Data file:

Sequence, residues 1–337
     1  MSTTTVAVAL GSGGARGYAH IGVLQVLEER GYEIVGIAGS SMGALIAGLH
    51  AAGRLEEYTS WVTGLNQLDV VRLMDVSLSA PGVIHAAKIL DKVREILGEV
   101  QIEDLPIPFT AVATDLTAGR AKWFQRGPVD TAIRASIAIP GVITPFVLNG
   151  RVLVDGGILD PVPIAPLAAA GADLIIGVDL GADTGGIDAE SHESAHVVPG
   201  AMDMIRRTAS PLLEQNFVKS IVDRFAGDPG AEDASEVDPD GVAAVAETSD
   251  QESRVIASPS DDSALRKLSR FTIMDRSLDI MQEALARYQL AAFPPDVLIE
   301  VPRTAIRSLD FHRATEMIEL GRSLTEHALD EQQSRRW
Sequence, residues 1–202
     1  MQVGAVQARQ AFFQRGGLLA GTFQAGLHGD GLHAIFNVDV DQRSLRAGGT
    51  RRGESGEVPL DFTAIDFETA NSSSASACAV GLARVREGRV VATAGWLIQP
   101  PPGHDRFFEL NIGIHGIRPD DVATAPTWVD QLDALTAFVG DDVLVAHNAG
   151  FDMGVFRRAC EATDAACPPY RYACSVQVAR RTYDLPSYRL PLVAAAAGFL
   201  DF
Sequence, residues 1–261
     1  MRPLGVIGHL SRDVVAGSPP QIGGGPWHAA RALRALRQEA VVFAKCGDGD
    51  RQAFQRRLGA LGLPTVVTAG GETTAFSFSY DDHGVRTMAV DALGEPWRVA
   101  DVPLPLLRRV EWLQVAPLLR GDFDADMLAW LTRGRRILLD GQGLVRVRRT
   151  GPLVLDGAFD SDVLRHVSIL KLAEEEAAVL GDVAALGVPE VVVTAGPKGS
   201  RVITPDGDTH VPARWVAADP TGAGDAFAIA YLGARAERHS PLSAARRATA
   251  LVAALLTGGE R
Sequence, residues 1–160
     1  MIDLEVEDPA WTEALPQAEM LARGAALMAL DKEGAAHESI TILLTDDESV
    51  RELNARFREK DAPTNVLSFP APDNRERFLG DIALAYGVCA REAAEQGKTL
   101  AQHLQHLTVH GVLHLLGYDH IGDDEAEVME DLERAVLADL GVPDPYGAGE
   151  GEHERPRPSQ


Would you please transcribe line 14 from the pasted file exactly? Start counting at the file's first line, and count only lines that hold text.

   201  DF